For some reason, the thought of Roman ruins in France always comes as a surprise to people. Not sure why this is because just about every high school history textbook in the world has a map showing Rome in red during its peak conquest. These maps show France under their dominion as well as the rest of the Mediterranean world.
Despite this fact, every time you mention Roman ruins in France, you will be met by a bevy of furrowed brows and confused contorted faces. Perhaps this is because on these maps it said Gaul instead of France, or maybe it was because too many were daydreaming or actually sleeping when they should have been studying the map, or maybe a lot of people just do not give a crap about Roman history.
Whatever the reason for the oversight, Roman ruins in France always comes as a surprise to travelers, who either don’t remember or don’t care about their high school history textbooks. This is ok though as part of the benefit of traveling is rediscovering things you once knew or never knew when you walk on a stunning Roman aqueduct spanning the Gardon River and the gorgeous valley below.
Learning history and culture through travel is much more fun than reading about it in a book anyway. People are more apt to remember an experience than something they read in a book or see on television.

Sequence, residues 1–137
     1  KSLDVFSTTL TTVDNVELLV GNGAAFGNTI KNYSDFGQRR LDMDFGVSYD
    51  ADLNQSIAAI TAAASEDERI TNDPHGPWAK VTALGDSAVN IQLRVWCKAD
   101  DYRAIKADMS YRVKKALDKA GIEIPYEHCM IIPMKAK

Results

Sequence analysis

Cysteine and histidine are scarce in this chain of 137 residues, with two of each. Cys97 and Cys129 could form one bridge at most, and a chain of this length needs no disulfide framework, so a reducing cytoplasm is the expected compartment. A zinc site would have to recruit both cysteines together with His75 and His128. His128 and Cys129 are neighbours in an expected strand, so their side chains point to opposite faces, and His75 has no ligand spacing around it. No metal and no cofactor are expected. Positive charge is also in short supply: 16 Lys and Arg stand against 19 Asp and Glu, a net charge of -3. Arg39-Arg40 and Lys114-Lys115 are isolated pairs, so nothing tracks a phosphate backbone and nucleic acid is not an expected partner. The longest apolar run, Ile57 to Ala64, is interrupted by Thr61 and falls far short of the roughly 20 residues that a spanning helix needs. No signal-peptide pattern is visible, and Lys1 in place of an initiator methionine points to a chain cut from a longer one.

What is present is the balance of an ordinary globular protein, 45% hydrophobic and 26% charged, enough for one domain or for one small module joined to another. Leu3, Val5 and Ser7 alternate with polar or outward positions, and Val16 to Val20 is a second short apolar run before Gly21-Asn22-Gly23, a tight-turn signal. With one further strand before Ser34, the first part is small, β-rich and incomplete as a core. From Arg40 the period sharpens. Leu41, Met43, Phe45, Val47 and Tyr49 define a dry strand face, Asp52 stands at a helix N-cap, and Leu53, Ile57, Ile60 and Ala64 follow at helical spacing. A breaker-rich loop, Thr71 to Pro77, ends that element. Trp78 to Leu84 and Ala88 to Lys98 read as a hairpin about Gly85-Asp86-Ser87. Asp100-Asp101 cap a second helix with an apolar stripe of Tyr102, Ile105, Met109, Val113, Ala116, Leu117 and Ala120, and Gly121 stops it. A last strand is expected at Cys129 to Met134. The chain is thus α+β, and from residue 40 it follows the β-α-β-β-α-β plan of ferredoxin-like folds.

The Pont du Gard is the most stunning Roman ruin in France. It is the highest of all Roman Aqueducts and one of the most well preserved. It is great because you can walk across it; however, the journey across is not for the acrophobic. There are no railings up top, so stick to the middle part of the stone walkway. I would not want to walk across the bridge during the dreaded Mistral.
Check out this post to see other interesting Roman ruins in the south of France.
The Pont Du Gard cannot be accessed by rail. It is necessary to either take a bus from Nîmes or Avignon. The best way to tackle the trip is to arrive in Avignon the day before and either procure a bus schedule or get information from other travelers. It is a top attraction in the area, so information is not difficult to find locally. Here is a Lonely Planet discussion thread for those wanting to do a littler research.
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